Chimpanzees going through a midlife crisis?


So what do these apes do? Buy red Ferraris? Leave their mates for some cute young bonobos?There was an interesting research about chimpanzees and orangutans midlife crises. It found that these apes too undergo emotional down terms in their mid ages like we humans do. According to a study on humans' happiness there is a cycle from 20's to 70's. It begins from a high point and tends to go downward til late 40's. When it hits the bottom, it rises back and peaks at 70's. Some scientists argue it is not a well developed idea.


What interested Andrew Oswald was not the graph itself, why it happens. He pointed out that human tendency toward midlife discontent may have been passed on through evolution, rather than resulting simply from the hassles of modern life I always thought that humans midlife crises are due to how we live these days. For examples, mid 40s are the bread winners with responsibilities to take care of children, and parents.  Moreover, pressures from workplaces can be another reason for it.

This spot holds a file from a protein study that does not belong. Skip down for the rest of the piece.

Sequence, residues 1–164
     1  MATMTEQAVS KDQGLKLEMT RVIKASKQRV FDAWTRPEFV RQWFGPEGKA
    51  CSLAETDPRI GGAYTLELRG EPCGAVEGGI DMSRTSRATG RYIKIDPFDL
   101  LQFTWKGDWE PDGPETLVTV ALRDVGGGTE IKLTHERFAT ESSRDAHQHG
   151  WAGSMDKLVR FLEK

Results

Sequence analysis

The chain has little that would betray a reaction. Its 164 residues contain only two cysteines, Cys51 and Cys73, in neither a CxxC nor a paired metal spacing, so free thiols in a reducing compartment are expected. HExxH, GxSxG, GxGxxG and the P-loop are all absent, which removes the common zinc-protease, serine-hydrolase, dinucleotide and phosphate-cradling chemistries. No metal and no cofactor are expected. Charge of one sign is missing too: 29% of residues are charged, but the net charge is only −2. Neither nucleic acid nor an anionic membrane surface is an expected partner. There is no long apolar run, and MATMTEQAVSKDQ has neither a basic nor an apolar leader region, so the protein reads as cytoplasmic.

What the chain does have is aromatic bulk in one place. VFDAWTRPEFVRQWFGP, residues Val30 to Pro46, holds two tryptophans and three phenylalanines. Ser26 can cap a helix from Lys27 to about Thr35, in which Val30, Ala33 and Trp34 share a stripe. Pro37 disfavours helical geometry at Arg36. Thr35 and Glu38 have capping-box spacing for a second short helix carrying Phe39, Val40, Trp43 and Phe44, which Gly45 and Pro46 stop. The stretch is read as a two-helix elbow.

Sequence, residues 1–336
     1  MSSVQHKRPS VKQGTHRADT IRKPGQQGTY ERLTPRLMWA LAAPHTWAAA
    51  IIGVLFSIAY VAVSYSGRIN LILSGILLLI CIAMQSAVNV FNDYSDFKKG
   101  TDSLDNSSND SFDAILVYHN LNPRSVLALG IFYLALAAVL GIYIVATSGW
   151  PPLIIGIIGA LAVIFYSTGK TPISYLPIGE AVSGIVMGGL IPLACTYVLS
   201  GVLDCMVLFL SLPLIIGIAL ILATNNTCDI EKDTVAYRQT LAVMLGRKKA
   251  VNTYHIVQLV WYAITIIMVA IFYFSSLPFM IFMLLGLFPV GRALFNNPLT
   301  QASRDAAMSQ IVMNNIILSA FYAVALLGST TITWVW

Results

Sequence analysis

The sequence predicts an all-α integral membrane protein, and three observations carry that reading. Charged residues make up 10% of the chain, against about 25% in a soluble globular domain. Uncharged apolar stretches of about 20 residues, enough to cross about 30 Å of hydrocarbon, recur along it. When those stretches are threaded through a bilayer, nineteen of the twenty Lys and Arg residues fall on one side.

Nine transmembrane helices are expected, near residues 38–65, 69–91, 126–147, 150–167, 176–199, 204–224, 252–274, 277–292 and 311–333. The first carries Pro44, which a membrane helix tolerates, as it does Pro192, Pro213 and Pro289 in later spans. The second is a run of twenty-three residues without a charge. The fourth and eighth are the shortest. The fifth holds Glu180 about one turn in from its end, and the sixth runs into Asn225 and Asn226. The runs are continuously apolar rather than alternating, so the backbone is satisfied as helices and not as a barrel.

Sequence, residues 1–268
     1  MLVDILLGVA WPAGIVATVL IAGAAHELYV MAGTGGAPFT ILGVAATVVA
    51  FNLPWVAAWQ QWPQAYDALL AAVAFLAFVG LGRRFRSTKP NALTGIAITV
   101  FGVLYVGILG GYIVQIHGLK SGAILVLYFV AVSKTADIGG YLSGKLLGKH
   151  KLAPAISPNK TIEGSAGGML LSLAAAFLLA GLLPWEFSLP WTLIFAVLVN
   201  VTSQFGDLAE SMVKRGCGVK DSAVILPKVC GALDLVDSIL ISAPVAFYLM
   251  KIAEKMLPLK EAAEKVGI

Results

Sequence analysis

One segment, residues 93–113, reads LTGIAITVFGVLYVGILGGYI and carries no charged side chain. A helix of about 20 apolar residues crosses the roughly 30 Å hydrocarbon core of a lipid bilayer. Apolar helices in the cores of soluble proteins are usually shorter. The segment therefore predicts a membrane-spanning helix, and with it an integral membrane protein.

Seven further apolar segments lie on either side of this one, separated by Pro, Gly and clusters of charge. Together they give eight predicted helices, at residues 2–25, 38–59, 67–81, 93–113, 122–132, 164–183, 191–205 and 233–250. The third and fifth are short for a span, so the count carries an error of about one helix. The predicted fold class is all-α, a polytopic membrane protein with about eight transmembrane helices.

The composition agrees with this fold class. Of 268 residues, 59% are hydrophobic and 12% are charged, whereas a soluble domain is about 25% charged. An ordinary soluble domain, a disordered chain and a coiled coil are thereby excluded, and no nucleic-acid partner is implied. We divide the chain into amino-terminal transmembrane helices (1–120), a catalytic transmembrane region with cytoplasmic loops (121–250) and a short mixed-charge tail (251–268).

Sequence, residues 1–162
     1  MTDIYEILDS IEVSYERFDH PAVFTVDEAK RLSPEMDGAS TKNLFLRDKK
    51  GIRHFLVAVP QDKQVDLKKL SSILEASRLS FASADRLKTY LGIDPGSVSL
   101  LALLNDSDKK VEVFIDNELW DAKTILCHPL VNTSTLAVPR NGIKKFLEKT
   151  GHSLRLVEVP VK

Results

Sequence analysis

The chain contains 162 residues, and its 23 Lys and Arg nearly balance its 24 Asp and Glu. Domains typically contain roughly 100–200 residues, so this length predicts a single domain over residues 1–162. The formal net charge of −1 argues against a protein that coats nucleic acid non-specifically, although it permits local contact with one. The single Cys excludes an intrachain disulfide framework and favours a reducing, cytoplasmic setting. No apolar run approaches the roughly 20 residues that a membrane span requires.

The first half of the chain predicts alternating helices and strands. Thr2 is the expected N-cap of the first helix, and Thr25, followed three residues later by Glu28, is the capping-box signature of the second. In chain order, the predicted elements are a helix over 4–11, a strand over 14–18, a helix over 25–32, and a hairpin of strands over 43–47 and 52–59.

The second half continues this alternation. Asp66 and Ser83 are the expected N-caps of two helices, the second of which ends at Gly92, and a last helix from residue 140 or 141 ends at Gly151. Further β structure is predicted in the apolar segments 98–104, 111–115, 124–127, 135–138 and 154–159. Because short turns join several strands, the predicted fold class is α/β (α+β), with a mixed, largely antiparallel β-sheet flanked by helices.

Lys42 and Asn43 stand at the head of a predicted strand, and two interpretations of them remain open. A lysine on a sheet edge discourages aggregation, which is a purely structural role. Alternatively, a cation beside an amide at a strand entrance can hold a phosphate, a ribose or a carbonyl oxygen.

If apes experience similar emotional downturns, Oswald's theory may be plausible in some ways. He surveyed caretakers of the apes from the U.S., Australia, Canada, Singapore and Japan.Questions were like the degree to which each animal was in a positive or negative mood, how much pleasure it got from social situations, and how successful it was in achieving goals. The data was fascinating enough to prove that apes do have a similar emotional downturns in their mid ages. However,  Frans de Waal, a primatologist at the University of Emory is skeptical about this; he said "The study thus scores the well-being of animals through a human filter, perhaps introducing human bias"

Oswald was not sure what is the benefit of the midlife crises. This feeling of "restlessness" can cause parents (including apes) focus on helping find new worlds for the next generation to breed.


There are some ways to overcome this crisis for humans. First of all, a person must recognize the current state of him or herself. Then, one has to talk to her spouse or close family members for supports. The love and assurance of close relatives will provide the comfort zones. Experts suggest them to be strong and have a new positive perception to their life. So, does this apply to apes too? How should we give these advices to chimpanzees and orangutans? Or, do they already solved their ways out? If so, can their ways work for man kinds too?

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